RATs and Australian Manufacturing

Rapid Antigen Tests (RATs) are an essential part of the Coalition government’s new policy framework for the current “Omicron phase” of the pandemic. RATs are essential for workplaces, schools, nursing homes and other locations at the heart of daily life.

It is false to assume that Omicron is less damaging than Delta, or even that Delta has gone away. The other obvious risk is that there will be another mutation into a new variant, requiring a new response.

The main purpose of the RATs is to get workers back in production and distribution, so that profit-making does not fall. It’s workers who make the economic world go around, not the businesses that employ them.

Deliberately, the government has set this policy knowing that there is insufficient supply of RATs to match the requirements of its own policy. Meanwhile, the supply chain crisis distracts from the making and supply of PCR tests.

Australia, overwhelmingly, relies on offshore manufacturing of RATs, but it didn’t have to be this way – and it still does not. Dependence on imported RATs could and should have been avoided. Locally made RATs have been possible but neglected or ignored.

Recently, the ABC reported on the potential for Australian mass manufacturing of RATs, but producers claimed they had received little support from the government to develop this capacity. One Australian firm has now set up manufacturing operations in the USA. In fact, the ABC report appeared the same day that the government confirmed the closure of 2 flagship funding schemes that would have helped these manufacturers and their potential workforces (see below).

Making RATs in Australia?

Remember the Coalition government’s Manufacturing Task Force (MTF)? It grew out of the initial policy decisions of the Coalition government, after the initial spread of COVID-19 in March 2020. Those initial responses included JobSeeker, JobKeeper, JobMaker, and a tripartite National COVID-19 Coordination Commission (NCCC). The manufacture of RATs here in Australia was, and still is, a task that should be prioritised by any MTF. But it has not been – a gross failure that contradicts the Prime Minister’s “can-do capitalism” slogan.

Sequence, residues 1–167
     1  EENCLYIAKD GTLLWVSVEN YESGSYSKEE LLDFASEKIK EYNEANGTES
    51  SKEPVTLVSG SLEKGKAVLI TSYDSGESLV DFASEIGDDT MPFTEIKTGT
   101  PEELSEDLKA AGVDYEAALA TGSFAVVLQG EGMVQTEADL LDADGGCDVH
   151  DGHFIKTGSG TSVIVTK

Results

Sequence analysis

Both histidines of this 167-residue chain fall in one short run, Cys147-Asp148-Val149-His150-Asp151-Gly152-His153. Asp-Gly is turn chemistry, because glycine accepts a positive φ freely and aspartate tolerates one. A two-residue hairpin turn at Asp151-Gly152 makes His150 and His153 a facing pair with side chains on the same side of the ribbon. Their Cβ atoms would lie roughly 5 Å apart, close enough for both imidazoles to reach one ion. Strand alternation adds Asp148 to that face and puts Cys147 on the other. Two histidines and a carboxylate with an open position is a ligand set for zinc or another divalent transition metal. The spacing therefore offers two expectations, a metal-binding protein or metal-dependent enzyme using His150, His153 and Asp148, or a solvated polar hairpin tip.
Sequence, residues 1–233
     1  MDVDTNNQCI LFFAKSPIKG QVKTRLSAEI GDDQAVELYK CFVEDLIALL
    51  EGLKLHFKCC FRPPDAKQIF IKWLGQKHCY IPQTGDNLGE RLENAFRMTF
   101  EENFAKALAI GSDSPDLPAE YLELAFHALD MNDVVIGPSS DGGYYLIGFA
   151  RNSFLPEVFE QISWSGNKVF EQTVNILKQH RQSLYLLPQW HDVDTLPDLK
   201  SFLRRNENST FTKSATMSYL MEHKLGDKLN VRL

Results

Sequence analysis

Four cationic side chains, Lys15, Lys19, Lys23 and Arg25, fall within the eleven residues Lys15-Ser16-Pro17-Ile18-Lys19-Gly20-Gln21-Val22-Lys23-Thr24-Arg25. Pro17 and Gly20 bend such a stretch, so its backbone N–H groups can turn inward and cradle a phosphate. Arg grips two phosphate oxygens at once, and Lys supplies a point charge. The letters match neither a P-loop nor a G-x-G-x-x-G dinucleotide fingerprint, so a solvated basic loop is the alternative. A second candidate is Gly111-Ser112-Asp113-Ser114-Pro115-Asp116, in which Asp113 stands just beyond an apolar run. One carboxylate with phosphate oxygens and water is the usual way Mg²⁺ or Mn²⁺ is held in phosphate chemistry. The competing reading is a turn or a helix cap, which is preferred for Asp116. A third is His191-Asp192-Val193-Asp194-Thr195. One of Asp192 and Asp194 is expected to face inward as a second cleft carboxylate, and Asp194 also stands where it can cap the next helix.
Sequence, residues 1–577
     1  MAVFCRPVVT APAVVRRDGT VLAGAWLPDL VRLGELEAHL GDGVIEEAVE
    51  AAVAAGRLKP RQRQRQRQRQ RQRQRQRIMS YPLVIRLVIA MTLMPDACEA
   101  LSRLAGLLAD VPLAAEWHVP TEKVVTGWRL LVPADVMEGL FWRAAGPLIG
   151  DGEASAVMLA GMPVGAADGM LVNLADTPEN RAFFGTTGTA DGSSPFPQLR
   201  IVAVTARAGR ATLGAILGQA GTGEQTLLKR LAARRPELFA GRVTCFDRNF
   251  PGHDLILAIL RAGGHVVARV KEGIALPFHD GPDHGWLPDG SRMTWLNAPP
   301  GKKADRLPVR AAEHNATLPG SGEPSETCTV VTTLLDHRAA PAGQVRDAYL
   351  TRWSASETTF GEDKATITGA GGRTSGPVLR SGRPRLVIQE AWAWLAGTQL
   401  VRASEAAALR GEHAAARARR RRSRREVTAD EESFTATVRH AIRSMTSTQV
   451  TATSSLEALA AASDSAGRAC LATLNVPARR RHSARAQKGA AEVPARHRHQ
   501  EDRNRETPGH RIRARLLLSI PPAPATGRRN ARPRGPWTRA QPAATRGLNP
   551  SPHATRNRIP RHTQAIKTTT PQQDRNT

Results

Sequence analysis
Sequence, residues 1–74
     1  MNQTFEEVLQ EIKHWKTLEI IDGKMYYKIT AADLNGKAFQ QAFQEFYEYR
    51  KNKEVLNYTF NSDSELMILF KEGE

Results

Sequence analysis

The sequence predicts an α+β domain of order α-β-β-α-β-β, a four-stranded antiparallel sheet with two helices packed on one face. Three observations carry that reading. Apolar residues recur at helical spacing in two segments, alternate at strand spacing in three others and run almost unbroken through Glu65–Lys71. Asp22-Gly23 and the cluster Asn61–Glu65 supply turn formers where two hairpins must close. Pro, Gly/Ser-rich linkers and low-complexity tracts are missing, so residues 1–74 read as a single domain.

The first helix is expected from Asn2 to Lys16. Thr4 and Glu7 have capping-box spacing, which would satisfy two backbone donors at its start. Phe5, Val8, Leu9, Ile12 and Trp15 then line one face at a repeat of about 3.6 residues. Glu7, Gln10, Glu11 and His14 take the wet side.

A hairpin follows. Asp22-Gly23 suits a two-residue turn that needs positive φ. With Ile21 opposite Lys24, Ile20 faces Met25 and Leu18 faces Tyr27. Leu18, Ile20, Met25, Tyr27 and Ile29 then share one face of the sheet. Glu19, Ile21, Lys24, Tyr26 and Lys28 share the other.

The NCCC was headed by Nev Power, former CEO of Andrew Forrest’s Fortescue Metals Group. PM Morrison said that the NCCC would work with all arms and departments of government, and ensure public and private sector cooperation. The functions of the Commission included to "drive the development and co-ordination of staged and proportionate plans on critical non-health factors,” such as:

  • transport and logistics challenges;
  • industry co-ordination and adjustment;
  • labour and workforce planning;
  • delivery of essential services and maintenance of critical infrastructure;
  • support to vulnerable Australians; and
  • input of scientific and technological expertise.

The availability and supply of RATs (and locally made vaccines) is relevant to each of these goals. Yet Nev Power’s first contribution was to promote the expansion of the gas industry as a priority for manufacturing. Even government supporters within manufacturing were questioning whether, indeed, the Commission’s recommendations were responsive to the circumstances.

The NCCC’s MTF was headed by Andrew Liveris, arising from his previous role in manufacturing policy with the USA’s former Obama administration. The MTF included Innes Willox from the Australian Industry Group (AiG) and two unionists: Paul Bastian, then the National Secretary of the Australian Manufacturing Workers Union, and Dan Walton, from the Australian Workers Union.

During his tenure, Bastian advocated publicly and strongly for a “make it here” approach to manufacturing, as a core element of the COVID-19 response strategy (see, for example, his interview on ABC Radio National). RATs could have been manufactured to meet at least a significant share of our needs, if not also for export.

Just a few months later, on 1st October 2020, Morrison announced a new, $1.5 billion, 4 year Modern Manufacturing Strategy. Unfortunately, $1.5 billion barely compensates for, or provides enough to drive the reversal of, the Australian manufacturing employers’ capital strike that is ongoing. And PM Morrison said not a word about either the NCCC or the MTF in his announcement of the strategy.